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liudr


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boy, was I wrong about that


You are not wrong at all: we all use products from a multi-billion company founded on BASIC.


Magic of licensing. Don't ever sell!

bperrybap


Quote
boy, was I wrong about that


You are not wrong at all: we all use products from a multi-billion company founded on BASIC.


Well... Yes and No. The underlying code needed to actually implement the BASIC interpreter
was not written in BASIC.

Even more comical is that in the late 80's and early 90's when NT was being developed,
it was done in C, using GNU tools running on MIPs UNIX machines.

--- bill

WinstonP

WOW! after those previous comments, I feel like I've been chastised and redeemed at the same time.
So what do yall think of someone who took RPG instead of Pascal?

dhenry

I wouldn't worry too much about that.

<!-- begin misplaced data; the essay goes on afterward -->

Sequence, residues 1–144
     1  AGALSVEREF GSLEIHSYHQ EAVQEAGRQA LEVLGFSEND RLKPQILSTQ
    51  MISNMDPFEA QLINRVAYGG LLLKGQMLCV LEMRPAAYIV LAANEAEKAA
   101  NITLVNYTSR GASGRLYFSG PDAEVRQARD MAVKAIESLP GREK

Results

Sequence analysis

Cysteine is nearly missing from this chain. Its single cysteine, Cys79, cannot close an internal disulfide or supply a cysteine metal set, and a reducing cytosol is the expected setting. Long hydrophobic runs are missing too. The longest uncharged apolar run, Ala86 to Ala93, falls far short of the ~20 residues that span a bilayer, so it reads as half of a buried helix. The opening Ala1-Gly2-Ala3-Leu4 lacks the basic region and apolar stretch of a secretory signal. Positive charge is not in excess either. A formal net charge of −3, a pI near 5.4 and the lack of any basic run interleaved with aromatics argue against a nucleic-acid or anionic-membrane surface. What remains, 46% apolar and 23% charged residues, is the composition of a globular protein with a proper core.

The key is if you can write superior code.

Some people mistake using good tools for writing good code (the "C worshipers"). For those people, no amount of good tools can compensate for their inability to write good code.


bperrybap



The key is if you can write superior code.


Actually, I think it is more about the design and algorithms in the overall system
rather than the coding itself.
And design/algorithms are completely independent of the language used.

Coding is a very small part of an overall project and
IMO the actual language used is pretty irrelevant.
You can have brilliant, excellent, fast, and superior code within individual components
but put the pieces together in a poor design and the system will not work very well.

I used to have a saying, I used quite a bit in the past:
"Better algorithms, beats faster code every time".

i.e. a much better algorithm or system design written in interpreted BASIC could potentially
outperform a poor design written in assembler.

The moral is spend time up front to examine the system as a whole
and deal with things at a system level (before coding)
rather than try to optimize things down at the function/coding level.

Sometimes there are unknowns where some experimental trial/error coding is necessary
but those are often not the norm.

--- bill

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